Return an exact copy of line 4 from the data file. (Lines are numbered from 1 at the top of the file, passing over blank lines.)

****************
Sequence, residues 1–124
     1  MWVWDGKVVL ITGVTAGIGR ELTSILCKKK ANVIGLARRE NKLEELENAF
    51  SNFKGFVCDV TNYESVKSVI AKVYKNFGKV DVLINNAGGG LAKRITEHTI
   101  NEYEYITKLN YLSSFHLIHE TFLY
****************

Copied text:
   101  NEYEYITKLN YLSSFHLIHE TFLY